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Anne O'Byrne [7]Anne Elizabeth O'byrne [1]
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Anne O'Byrne
State University of New York, Stony Brook
  1.  8
    Natality and Finitude.Anne O'Byrne - 2010 - Indiana University Press.
    Philosophers are accustomed to thinking about human existence as finite and deathbound. Anne O'Byrne focuses instead on birth as a way to make sense of being alive. Building on the work of Heidegger, Dilthey, Arendt, and Nancy, O'Byrne discusses how the world becomes ours and how meaning emerges from our relations to generations past and to come. Themes such as creation, time, inheritance, birth and action, embodiment, biological determinism, and cloning anchor this sensitive and powerful analysis. O'Byrne's thinking advances and (...)
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  2.  17
    Communitas and the Problem of Women.Anne O'Byrne - 2013 - Angelaki 18 (3):125-138.
    From its earliest beginnings, political thought has grappled with the problem of those who both do and do not belong to the city, those who cannot be exactly included or excluded, that is to say, with the problem of difference. Most often this emerges first as the problem of what to do with women. Communitas is an intense engagement with central figures in the history of political thought – Augustine, Hobbes, Rousseau – but also a remarkably efficient avoidance of women (...)
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  3.  9
    Améry, Arendt, and the Future of the World.Anne O'Byrne - 2016 - Journal of French and Francophone Philosophy 24 (3):128-139.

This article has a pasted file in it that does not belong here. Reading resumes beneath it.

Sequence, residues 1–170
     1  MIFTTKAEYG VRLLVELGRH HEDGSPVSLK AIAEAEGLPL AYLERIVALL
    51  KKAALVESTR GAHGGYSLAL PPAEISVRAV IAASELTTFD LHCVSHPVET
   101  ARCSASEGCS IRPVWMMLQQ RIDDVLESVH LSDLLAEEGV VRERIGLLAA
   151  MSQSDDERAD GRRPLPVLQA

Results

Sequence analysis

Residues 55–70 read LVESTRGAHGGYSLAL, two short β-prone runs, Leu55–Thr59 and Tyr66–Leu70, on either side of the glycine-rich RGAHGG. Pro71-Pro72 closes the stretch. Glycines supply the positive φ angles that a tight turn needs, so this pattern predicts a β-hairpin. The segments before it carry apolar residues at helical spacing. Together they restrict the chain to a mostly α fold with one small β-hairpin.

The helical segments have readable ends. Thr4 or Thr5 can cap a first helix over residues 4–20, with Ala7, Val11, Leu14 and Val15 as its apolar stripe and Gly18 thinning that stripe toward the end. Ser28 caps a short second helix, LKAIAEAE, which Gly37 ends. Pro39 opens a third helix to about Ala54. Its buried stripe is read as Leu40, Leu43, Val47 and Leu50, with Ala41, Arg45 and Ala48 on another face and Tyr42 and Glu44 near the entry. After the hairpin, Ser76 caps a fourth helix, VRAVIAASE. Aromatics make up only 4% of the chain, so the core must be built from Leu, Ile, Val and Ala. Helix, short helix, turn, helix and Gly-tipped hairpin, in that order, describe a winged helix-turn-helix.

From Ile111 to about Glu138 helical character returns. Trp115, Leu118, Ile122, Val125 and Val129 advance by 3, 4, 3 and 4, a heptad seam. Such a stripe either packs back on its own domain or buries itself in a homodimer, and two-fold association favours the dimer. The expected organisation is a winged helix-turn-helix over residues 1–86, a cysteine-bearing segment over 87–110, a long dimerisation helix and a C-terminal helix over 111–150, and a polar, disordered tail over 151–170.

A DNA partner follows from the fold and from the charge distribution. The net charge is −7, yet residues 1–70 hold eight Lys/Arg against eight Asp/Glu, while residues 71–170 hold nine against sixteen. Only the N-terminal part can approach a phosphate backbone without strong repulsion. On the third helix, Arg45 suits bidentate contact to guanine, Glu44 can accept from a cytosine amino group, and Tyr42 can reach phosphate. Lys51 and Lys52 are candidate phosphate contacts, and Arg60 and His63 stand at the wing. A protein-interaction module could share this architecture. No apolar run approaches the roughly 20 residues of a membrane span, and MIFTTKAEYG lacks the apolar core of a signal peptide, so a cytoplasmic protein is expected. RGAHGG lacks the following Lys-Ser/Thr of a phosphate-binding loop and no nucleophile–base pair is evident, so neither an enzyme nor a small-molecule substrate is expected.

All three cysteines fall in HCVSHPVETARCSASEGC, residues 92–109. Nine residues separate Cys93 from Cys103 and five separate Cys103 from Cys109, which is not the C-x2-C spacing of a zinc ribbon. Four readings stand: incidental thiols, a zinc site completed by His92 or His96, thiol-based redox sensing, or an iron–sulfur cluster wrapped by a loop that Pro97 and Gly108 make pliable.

Of all the terms Jean Améry might have chosen to explain the deepest effects of torture, the one he selected was world. To be tortured was to lose trust in the world, to become incapable of feeling at home in the world. In July 1943, Améry was arrested by the Gestapo in Belgium and tortured by the SS at the former fortress of Breendonk. With the first blow from the torturers, he famously wrote, one loses trust in the world. With (...)
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  4.  21
    Being Mine.Anne O'Byrne - 1999 - Research in Phenomenology 29 (1):239-248.
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  5.  39
    Heidegger and Practical Philosophy.Anne O'Byrne - 2003 - Continental Philosophy Review 36 (3):344-350.
  6. Subjects and Simulations: Between Baudrillard and Lacoue-Labarthe.Anne O'Byrne & Hugh J. Silverman (eds.) - 2014 - Lexington Books.
    Subjects and Simulations presents essays focused on suffering and sublimity, representation and subjectivity, and the relation of truth and appearance through engagement with the legacies of Jean Baudrillard and Philippe Lacoue-Labarthe.
     
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  7. Traumatized Sovereignty.Anne O'Byrne - 2007 - In Peter Gratton, John Panteleimon Manoussakis & Richard Kearney (eds.), Traversing the Imaginary: Richard Kearney and the Postmodern Challenge. Northwestern University Press.
     
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